Breaking the Cycle of Cynicism - Y Magazine
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Breaking the Cycle of Cynicism

By Richard Davis

The first day of each semester, I show my American government class a video clip from the 1939 film classic, Mr. Smith Goes to Washington. In the segment, newly appointed U.S. Senator Jefferson Smith, played eloquently by Jimmy Stewart, takes a self-guided tour of the tourist attractions in Washington, D.C. Passing the Washington Monument, the Jefferson Memorial, and other famous historical sites, Smith eventually ends up at the Lincoln Memorial and observes a young boy and an older man reading the Gettysburg Address together. The scene almost always gives me goose bumps.

I then ask my students what they think of it. Usually the responses are similar to my own. But lately they have been different. Students are quick to point out that the sentiments expressed in that scene have nothing to do with reality. There is a sharp edge of cynicism in their voices.

Such cynicism may seem understandable. Reports of sleaze and corruption have come to dominate the public agenda. A president is accused of perjury and obstruction of justice. The House of Representatives impeaches him, and although the Senate votes to acquit, the president carries a historical mark as only the second president to be impeached.

The president is not the only one touched by scandal. Cabinet members are investigated. Members of Congress are accused of immorality, and their personal lives are discussed as openly as public policy. Presidential candidates admit to past indiscretions to avoid media discovery. The picture of politics purveyed by the press is not a pretty one.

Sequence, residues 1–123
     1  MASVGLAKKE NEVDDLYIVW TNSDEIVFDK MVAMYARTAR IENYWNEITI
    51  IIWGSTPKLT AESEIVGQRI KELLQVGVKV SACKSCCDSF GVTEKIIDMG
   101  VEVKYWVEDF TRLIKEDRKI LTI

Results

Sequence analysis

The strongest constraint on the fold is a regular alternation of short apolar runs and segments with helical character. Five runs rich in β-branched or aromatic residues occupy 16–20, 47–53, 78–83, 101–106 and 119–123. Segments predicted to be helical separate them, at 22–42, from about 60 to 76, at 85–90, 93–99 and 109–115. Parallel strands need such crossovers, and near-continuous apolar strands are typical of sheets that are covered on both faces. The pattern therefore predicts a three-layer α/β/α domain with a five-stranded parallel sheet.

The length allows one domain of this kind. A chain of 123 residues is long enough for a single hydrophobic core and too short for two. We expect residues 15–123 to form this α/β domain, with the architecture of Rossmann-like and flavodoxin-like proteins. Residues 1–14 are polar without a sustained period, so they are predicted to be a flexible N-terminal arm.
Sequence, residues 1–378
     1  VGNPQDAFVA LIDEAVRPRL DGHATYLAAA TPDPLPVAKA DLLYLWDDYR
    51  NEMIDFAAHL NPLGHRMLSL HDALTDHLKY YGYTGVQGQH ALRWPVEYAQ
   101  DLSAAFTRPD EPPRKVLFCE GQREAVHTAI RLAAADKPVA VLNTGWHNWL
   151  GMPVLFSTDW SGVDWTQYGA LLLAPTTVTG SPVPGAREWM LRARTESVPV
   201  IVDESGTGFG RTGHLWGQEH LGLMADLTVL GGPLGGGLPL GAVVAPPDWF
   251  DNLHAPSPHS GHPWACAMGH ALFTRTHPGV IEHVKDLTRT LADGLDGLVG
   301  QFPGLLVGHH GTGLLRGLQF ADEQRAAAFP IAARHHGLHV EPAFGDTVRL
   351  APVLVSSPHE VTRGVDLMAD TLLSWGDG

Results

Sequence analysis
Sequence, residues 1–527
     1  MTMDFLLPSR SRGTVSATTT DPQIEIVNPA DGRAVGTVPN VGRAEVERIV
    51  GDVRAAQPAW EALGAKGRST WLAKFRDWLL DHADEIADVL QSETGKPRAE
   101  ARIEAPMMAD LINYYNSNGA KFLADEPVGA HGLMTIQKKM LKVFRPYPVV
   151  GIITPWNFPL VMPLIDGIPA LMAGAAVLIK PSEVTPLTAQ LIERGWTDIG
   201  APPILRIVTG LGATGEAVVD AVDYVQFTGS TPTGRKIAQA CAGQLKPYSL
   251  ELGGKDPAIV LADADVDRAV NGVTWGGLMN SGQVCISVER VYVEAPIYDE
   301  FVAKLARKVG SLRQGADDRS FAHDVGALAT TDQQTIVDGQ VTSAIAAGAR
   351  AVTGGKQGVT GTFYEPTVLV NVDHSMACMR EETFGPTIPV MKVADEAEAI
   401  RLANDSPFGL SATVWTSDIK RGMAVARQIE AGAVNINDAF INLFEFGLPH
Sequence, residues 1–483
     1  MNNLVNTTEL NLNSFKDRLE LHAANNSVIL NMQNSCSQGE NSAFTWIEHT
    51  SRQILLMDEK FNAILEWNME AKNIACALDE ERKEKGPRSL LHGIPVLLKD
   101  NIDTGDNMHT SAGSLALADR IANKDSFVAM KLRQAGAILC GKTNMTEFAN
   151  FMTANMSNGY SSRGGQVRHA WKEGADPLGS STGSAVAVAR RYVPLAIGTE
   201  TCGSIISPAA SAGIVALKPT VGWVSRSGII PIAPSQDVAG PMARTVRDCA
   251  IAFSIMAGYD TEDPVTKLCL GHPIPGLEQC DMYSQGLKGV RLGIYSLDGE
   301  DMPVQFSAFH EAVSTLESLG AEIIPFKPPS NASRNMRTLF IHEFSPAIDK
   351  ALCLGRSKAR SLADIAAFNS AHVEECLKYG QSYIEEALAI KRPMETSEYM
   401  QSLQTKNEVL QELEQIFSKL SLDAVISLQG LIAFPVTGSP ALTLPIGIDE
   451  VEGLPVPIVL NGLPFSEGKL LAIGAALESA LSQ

The revulsion many people may feel toward all of these events could have long-term implications for a willingness to become involved in politics. Attitudes of cynicism may deepen.

Voter turnout may drop even further. Community involvement may seem futile. Even more disquieting, a cloud of gloom may settle over the minds of citizens as frustration breeds cynicism, which in turn engenders general apathy.

As responsible citizens, however, we cannot afford to turn our backs on the political process, no matter how disgusted we may be. Citizen involvement is imperative for successful communities to exist. The LDS Church First Presidency has repeatedly urged members to use the right of franchise to become involved in changing their communities for the better. Such involvement often means attempting to directly shape the political process.

What should we do to avoid joining the movement toward apathy? I would suggest three actions: educate, participate, cooperate.


Recently one public official confided to me that he was tired of sitting through public hearings where people speak emotionally but lack information that could actually influence the public policy process. Too often we become upset about some government action without educating ourselves about either the policy or the process which led to the action.

In order to be effective citizens, we need to be continually informed about the problems of the day. We should remain informed by reading a daily newspaper, watching a television news program, or regularly following some reliable news source.